Glad to hear that your heifer is OK.
Just curious..... Why the wait until five months to dehorn?
For future reference..... IMHO if the calf is born on the place the best time to take care of that chore is while they're still small enough to manhandle. The barns dehorner works pretty well at that age and if you don't want an open wound you can invest in an electric to de-bud 'em. the calves bounce back pretty quick at that age and they usually don't bleed much either.
Here's a site that gives types of dehorners and the current prices for them. If you add up the vet bills for the procedure, they'll pay for themselves in short order.
The Keystone's are for adult cattle and larger calves. They weigh every bit of 20 pounds and are nearly four feet long. They're not fun for either you or the stock in question.
I don't know how slick the vet cut your heifer's horns. On larger horned cattle where you need the man-killer Keystones, I would recommend that you bob the horns down to about two to three inches away from the head, depending on the size of the horns and the age of the animal. Leave 'em a bit longer on older cattle. The reason being is that you want to avoid exposing the sinus cavity. The horns will grow out some with age, however they will remain blunted. Depending on your particular cattle market, bobbed horns will not have a negative effect if you are selling the cattle at auction, where full horns most likely will.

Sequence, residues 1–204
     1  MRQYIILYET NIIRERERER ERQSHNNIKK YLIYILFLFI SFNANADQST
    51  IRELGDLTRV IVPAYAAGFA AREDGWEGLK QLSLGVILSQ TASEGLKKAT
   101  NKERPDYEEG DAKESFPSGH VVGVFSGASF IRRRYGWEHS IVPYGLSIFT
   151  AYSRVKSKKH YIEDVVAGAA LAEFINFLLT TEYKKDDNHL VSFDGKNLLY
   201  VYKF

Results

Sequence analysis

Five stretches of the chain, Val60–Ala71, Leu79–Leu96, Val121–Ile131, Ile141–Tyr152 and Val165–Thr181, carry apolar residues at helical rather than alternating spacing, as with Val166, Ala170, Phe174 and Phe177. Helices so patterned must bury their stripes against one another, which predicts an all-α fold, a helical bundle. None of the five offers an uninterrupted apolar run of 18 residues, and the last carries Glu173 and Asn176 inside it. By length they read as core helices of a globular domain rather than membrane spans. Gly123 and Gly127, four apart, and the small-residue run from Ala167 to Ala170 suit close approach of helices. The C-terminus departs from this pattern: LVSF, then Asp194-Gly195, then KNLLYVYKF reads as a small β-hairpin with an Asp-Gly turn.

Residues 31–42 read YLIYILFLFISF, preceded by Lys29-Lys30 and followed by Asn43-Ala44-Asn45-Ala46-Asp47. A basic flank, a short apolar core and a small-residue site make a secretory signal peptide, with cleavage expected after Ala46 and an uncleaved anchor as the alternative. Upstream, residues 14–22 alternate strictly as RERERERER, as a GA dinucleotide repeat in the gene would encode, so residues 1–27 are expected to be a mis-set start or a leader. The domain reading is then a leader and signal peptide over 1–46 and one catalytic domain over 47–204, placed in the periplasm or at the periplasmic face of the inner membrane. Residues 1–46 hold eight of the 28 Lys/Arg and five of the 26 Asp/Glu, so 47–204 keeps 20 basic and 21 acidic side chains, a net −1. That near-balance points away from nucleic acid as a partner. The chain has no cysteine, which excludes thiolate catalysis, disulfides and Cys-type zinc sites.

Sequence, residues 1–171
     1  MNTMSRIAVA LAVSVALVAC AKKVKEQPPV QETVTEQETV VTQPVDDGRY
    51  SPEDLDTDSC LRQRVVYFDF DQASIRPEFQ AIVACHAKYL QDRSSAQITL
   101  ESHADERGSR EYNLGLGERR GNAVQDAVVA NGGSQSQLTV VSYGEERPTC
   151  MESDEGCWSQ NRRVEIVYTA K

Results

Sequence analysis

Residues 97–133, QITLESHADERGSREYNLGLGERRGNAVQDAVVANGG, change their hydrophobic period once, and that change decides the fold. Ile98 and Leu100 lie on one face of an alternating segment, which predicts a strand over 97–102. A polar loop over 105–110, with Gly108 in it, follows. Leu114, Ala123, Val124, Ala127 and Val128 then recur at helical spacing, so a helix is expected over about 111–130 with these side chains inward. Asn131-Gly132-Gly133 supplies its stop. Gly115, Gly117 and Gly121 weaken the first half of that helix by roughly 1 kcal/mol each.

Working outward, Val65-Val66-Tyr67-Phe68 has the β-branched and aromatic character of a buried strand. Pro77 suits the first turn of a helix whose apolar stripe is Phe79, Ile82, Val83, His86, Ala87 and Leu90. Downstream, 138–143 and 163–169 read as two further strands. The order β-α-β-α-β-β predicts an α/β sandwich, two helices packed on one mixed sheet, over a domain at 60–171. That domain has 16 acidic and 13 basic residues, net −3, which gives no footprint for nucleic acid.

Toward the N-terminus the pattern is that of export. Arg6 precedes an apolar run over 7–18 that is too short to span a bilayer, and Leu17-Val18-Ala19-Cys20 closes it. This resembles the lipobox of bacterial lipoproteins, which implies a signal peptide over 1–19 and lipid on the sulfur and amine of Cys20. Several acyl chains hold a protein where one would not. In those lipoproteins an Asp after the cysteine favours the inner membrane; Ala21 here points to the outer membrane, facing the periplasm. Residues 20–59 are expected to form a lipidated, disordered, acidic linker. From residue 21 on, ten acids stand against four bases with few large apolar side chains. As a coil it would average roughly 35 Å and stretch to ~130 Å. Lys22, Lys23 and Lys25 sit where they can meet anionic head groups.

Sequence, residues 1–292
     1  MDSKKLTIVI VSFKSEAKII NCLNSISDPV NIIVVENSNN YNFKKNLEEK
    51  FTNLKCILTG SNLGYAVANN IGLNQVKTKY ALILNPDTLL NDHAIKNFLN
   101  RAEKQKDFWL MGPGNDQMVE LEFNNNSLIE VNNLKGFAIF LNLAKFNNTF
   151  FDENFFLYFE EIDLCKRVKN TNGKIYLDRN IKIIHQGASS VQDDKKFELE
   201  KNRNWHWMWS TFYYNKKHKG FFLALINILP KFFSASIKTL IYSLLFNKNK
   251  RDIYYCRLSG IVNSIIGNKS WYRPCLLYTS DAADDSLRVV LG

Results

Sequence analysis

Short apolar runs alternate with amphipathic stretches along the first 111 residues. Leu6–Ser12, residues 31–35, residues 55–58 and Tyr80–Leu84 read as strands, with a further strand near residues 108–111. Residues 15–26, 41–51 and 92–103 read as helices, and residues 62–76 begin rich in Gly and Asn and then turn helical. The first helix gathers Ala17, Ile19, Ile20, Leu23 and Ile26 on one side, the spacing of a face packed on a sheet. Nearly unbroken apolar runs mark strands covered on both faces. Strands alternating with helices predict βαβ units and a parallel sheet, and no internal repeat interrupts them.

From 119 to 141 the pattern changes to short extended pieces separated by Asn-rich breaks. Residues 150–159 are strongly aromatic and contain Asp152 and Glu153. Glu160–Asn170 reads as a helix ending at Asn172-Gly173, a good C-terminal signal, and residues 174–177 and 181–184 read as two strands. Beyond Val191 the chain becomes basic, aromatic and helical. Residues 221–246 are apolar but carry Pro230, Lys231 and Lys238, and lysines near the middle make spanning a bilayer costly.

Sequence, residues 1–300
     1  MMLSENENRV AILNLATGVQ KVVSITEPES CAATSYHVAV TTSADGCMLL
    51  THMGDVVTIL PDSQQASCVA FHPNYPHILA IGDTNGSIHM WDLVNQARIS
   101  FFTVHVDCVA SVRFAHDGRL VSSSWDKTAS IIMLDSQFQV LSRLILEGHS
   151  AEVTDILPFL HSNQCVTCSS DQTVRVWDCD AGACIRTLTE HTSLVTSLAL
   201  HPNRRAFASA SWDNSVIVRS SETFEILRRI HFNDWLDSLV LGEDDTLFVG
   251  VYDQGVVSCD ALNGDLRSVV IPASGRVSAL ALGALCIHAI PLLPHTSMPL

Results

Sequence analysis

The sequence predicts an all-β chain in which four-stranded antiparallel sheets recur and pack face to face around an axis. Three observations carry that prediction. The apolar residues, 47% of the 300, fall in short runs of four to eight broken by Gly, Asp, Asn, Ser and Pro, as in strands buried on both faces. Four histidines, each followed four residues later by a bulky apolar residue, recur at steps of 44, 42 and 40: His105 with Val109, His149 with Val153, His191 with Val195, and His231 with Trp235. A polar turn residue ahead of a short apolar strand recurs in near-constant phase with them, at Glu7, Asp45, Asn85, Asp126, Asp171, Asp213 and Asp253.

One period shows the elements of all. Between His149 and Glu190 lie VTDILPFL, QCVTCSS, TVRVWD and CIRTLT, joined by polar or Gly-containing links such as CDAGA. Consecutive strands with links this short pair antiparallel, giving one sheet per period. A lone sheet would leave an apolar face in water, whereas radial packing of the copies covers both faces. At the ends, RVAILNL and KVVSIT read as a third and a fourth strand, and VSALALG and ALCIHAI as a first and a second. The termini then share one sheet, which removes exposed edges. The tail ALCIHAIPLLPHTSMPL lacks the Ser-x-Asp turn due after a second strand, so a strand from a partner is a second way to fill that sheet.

As for the bleeding. Bobbed horns usually don't bleed nearly as bad as when you cut clean down to the skull. I've been a part of separating the horns and manhood from more than a few head of cattle. In my experience you will have some that get pretty bloodied by the dehorning, however, it's mighty rare to loose one to blood loss because of of it.
If you want, you can invest in a pair of hemostats:
And try to pull the blood vessels on the bleeders. Or if you don't have an electric dehorner handy, you can invest in a soldering iron and cauterize 'em that way.
Hope this helps.